Beacon Bloom

Submitted by Arlon Bayliss

2+

Client: City of Carmel, Indiana

Location: Carmel, IN, United States

Completion date: 2017

Artwork budget: $350,000

Project Team

Fabricator

BoBar Industries Inc.

Industry Resource

Smock Fansler Corporation

Client

City of Carmel

Artist

Arlon Bayliss

Overview

Viewers approaching and passing the roundabout see three, steel flower-like structures with curvy stems. They face south, northeast and northwest. The composition is raised well above the roundabout, making it easily visible to motorists; the tallest is more than thirty feet high. As viewers circle the form, its flowers’ undulating stems seem to make the sculpture come alive. At night the structure displays a delicate, multi-colored play of lights reflected in the undersides of the seven hundred and sixty eight stainless steel florets, which form the three flowers

Goals

The sculpture serves as a beacon, signaling the presence of the roundabout not with a warning, but with a welcoming expression of hope and growth. It also marks an important entrance to the City of Carmel. The installation looks like a subtle firework display, a moment frozen in time.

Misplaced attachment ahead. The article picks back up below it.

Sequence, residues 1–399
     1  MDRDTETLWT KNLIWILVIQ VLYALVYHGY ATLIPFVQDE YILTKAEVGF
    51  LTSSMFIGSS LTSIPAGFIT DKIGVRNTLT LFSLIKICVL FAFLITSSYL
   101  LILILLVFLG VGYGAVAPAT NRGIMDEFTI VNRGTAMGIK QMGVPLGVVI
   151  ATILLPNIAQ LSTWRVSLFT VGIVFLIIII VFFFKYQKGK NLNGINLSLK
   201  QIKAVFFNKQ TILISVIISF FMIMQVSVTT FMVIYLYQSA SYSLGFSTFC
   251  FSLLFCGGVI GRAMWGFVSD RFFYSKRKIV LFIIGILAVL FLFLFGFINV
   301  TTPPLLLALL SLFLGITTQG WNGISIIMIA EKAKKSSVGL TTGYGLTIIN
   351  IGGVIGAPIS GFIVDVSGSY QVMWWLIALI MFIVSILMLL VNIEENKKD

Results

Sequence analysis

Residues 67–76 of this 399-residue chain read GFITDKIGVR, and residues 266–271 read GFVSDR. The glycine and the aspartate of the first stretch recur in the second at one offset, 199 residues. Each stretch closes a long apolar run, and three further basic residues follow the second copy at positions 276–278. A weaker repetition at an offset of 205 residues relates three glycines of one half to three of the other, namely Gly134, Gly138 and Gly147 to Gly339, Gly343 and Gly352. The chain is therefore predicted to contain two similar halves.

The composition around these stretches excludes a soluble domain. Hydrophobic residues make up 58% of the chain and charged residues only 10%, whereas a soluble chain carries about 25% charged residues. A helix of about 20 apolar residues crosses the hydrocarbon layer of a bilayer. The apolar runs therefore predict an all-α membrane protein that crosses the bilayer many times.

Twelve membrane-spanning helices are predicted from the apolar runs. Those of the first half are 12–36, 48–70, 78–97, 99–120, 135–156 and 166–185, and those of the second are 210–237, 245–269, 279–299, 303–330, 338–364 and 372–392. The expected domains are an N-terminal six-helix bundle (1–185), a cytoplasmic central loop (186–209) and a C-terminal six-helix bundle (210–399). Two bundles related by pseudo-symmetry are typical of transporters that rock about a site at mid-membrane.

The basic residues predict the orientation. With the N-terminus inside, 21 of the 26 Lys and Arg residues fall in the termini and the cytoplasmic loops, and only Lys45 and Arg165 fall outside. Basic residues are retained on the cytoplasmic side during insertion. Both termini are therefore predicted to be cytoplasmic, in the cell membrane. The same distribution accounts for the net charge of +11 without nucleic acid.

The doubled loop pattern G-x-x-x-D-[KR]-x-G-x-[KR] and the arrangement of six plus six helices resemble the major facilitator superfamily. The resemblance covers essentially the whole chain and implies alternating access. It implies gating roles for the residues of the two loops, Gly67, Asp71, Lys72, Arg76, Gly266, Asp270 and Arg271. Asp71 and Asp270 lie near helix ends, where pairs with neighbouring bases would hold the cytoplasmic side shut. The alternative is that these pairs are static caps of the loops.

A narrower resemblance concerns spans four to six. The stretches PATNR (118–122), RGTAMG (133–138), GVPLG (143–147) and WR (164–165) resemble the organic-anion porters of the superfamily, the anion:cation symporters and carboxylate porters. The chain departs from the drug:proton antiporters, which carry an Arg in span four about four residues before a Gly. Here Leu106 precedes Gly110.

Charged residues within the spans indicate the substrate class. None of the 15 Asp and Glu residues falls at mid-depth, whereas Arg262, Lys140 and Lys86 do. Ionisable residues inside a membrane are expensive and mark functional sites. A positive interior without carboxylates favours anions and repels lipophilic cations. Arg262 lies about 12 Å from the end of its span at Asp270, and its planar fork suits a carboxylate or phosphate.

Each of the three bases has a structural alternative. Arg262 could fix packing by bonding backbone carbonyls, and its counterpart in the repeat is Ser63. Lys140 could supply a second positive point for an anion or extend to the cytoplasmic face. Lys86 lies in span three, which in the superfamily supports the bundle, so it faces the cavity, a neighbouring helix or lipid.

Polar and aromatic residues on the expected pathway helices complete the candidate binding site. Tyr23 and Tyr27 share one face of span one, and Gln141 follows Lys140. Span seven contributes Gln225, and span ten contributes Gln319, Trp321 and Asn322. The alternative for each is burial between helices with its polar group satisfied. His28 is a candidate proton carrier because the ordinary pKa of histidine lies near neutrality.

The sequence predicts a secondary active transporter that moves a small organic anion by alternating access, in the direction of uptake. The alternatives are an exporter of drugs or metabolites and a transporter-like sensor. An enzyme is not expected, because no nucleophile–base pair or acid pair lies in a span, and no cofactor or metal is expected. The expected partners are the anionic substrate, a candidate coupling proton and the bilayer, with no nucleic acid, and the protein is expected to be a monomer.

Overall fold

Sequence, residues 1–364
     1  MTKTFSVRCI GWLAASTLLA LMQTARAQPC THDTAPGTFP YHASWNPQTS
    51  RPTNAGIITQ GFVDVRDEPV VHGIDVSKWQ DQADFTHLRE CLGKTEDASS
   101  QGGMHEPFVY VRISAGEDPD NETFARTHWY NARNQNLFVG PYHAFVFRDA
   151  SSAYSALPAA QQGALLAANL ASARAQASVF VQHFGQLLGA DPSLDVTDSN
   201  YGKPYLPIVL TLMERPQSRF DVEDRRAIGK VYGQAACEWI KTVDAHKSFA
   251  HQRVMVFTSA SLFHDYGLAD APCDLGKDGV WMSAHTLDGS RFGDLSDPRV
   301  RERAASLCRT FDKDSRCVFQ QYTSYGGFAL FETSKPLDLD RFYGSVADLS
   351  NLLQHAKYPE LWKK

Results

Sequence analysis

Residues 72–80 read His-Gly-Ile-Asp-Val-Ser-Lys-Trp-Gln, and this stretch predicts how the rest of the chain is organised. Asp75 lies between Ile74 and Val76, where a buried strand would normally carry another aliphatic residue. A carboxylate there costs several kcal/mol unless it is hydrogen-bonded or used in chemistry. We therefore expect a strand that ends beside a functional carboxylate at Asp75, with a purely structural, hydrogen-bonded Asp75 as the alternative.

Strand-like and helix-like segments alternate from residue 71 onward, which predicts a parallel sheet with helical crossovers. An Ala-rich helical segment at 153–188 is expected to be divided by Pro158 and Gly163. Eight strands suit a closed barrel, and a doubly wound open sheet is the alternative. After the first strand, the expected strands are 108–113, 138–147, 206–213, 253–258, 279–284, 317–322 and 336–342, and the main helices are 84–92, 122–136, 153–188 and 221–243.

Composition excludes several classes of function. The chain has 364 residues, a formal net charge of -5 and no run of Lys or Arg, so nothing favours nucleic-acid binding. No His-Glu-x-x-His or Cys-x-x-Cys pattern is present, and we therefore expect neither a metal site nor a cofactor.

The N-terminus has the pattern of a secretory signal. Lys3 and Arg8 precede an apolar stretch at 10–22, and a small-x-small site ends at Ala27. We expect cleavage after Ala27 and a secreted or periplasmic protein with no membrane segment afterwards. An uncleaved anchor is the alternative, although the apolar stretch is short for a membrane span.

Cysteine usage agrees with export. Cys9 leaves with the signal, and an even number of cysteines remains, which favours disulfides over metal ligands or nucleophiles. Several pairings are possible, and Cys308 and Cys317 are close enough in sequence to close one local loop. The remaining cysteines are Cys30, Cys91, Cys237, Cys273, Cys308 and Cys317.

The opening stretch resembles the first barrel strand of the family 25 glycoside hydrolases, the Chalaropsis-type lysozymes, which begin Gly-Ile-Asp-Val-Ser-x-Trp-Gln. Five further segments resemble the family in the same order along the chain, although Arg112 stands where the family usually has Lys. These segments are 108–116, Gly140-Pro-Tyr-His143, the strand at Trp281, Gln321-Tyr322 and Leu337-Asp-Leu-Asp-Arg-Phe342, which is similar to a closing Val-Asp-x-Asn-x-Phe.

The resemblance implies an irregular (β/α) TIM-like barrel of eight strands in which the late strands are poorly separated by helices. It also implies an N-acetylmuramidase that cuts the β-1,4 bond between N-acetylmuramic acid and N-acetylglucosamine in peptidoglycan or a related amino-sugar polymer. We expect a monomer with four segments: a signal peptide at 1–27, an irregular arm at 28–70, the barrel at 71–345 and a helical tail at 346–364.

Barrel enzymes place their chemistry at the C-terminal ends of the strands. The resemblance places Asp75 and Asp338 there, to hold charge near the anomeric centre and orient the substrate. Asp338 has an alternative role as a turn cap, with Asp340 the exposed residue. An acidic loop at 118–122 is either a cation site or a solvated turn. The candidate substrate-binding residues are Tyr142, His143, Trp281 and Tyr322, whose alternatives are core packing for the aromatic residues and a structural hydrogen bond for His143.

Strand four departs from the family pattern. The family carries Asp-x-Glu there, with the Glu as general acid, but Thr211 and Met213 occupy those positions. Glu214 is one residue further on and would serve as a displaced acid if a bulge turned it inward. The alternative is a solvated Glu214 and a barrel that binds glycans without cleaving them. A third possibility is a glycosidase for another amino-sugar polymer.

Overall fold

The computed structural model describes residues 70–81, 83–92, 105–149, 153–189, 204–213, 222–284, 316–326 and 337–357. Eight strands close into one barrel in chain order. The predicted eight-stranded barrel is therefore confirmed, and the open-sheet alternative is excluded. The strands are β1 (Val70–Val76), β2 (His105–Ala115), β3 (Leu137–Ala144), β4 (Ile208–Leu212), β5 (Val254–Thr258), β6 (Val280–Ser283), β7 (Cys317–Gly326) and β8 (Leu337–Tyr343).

Process

Atop each stem is a tilted twelve-foot wide domed flower. The flowers are comprised of sixteen stainless steel clusters on curved cluster arms. Each similarly domed cluster is two feet wide and contains sixteen florets, endless laser-cut three-lobed loops of cut and folded stainless steel strip. Inside each floret space age coated dichroic glass and LED lighting are combined, so that by night each is bathed in subtly changing colored light. The seven hundred and sixty eight florets together use only 135 watts of electricity.

Additional Information

“I wanted the sculpture to be a beautiful marker; a beacon of light that not only signals the roundabout but also celebrates the city”. ” It was a privilege working with Smock Fansler Corporation, who constructed the base for the sculpture, and with BoMar Industries whose experience, skills, and creative problem solving made them, once again, ideal fabricators of my work.” - Arlon Bayliss